- Nicholas Blomley, ‘Making Private Property: Enclosure, Common Right and the Work of Hedges’, Rural History, 18: 1 (2007), 1-21
- James Winter, Secure from Rash Assault: Sustaining the Victorian Environment (University of California Press, Berkeley, 1999)
I’ve been reading some legal scholarship on the registration of commons and village greens. One of the main themes throughout is the continued difficulties faced in compiling any truly accurate register, given the complex ways in which land has been held and conflicting registrations and non-registrations of common land.
database of commons (2015): https://data.gov.uk/dataset/05c61ecc-efa9-4b7f-8fe6-9911afb44e1a/database-of-registered-common-land-in-england
- Christopher P. Rodgers, Eleanor A. Straughton, Angus J. L. Winchester and Margherita Pieraccini, Contested Common Land: Environmental Governance Past and Present (Routledge, Abingdon, 2011) is the most recent major overview of common land and the impact of enclosure.
- Barbara Bogusz, ‘Regulating public/private interests in town and village greens’, International Journal of Law in the Built Environment, 5: 1 (2013), 21-39 – is a fascinating argument about the problems raised in recent years about communities registering village greens to save them from development for housing. Often environmental concerns are posited as a major reason as well as use of the green spaces for leisure. It also raises the question of ‘proximity’ of the ‘neighbourhood’ from which users of the village green come. As transport enables people to travel to green spaces much further away from their residences than was usual in the 19th century, the old assumptions that local people use their local commons is weakened. This process thereby braodened the idea of the right of use and access.
- John Aitchison, ‘The town and village greens of England and Wales’, Landscape Research, 21: 1 (1996) – on the inaccuracies of the first registration of village greens by the 1955 Royal Commission on Common Land, and charting the different geographical concentrations of village greens in England in the 1990s. The largest number they charted were in Cumbria (191) and Hertfordshire (116).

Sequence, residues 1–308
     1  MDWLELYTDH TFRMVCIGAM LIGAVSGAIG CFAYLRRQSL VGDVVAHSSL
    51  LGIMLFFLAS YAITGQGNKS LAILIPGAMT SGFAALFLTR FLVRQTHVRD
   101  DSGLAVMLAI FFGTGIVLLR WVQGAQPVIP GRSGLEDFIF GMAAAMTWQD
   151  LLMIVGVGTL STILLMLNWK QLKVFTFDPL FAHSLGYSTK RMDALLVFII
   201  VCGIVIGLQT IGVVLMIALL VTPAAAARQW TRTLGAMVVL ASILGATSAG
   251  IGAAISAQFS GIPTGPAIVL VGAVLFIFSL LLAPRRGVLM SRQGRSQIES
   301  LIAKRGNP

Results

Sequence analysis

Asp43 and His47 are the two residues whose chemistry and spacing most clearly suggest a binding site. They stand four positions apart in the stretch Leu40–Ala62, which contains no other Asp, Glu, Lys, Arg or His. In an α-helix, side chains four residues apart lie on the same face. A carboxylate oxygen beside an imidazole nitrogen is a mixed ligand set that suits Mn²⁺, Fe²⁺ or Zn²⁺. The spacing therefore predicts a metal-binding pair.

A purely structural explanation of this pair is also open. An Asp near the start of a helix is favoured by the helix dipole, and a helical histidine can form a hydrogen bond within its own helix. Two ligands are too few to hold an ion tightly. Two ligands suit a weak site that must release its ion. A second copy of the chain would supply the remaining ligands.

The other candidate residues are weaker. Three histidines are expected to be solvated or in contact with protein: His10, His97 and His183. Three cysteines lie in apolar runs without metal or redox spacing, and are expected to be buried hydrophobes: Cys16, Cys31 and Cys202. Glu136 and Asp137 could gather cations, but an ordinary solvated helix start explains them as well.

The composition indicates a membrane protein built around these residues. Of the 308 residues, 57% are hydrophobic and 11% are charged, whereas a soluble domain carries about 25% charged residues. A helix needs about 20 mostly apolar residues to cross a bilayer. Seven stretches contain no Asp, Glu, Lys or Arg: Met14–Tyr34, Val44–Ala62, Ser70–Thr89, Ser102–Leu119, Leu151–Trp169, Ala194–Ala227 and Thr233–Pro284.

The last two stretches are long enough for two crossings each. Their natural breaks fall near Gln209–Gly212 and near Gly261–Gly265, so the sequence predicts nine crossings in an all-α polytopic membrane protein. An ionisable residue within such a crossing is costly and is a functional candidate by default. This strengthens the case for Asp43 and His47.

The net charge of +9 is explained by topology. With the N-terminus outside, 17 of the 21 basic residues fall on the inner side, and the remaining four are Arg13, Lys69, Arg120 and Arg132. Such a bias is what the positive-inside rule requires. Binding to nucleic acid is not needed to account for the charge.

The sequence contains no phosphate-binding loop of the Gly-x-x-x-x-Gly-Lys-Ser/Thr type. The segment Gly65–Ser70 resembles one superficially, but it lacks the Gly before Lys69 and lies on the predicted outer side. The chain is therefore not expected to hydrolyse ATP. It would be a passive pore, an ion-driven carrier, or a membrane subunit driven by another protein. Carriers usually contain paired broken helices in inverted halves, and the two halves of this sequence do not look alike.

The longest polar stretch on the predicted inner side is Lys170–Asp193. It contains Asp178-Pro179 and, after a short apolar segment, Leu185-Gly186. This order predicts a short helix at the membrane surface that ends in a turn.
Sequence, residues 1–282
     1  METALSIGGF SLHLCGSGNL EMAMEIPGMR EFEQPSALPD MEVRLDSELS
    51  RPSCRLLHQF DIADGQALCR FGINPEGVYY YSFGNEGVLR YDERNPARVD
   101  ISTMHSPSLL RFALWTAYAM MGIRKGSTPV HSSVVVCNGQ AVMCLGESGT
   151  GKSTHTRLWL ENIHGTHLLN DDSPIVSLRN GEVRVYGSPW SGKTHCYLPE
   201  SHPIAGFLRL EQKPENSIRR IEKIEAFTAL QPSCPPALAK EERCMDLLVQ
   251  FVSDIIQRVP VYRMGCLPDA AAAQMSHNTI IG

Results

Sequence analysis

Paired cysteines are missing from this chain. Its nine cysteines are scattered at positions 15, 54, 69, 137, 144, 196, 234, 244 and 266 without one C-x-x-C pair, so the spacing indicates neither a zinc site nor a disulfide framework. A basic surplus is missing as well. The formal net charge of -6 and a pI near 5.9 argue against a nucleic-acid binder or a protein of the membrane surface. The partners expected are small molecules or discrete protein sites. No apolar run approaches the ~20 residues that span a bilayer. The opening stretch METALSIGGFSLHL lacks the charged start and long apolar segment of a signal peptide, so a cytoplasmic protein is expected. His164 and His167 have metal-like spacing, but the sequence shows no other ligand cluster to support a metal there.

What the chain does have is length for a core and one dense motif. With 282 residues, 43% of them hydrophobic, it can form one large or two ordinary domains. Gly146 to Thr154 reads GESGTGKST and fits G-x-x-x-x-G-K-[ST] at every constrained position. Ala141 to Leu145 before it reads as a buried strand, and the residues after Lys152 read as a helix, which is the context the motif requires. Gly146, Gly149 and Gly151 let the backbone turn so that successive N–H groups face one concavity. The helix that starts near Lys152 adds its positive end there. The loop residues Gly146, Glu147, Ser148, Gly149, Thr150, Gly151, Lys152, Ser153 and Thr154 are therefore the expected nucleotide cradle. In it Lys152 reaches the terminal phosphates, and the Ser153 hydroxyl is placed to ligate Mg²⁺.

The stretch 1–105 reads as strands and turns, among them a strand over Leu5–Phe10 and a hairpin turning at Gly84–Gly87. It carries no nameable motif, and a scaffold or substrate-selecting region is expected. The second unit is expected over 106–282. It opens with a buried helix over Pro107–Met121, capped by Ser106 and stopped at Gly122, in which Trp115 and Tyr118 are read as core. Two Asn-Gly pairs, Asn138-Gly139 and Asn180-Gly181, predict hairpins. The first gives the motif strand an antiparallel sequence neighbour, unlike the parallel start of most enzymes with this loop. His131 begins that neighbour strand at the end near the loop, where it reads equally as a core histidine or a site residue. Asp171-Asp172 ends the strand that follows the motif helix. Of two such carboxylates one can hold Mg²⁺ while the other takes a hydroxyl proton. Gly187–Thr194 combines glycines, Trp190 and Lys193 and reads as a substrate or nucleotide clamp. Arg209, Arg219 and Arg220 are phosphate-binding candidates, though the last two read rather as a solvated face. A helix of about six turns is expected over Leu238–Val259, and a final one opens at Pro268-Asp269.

- Donald McGillivray and Jane Holder, ‘Locality, environment and law: the case of town and village greens’, International Journal of Law in Context, 3: 1 (2007), 1-17.
- J. W. Aitchison, ‘The Commons and Wastes of England and Wales, 1958-1989’, Area (1990)
I’ve also been looking through old civil court cases around commons registration using the Westlaw UK database. More on my findings about common rights and access using these to follow…
I’m curious as to why there has been an upsurge in academic and trade books on the issue of land reform. Of course, Anna Minton was part of pushing the issue of the privatisation of public land back onto the agenda a few years ago, and I’m also including the work of Stuart Hodkinson theorising the ‘new urban enclosures’. There have recently been a glut of new provocative books. These include the following:
Brett Christophers, The New Enclosure: the appropriation of public land in neoliberal Britain (Verso, 2018) – I might do a quick review in another blog post: basically, his general argument is good, though I’m less keen on his writing style and his generalisations about the history of feudalism and enclosure, for which he mainly draws on Polanyi, and on the 1870s register of land owners, for which he draws mainly on Cahill.
Michael Tichelar, The Failure of Land Reform in Twentieth Century England: the triumph of private property (Routledge, 2018) – bringing together a life time’s work on the topic, though mainly focused on the role of the Labour Party in pushing for various land reform policies regarding the ‘unearned increment’ in land acquisition policies.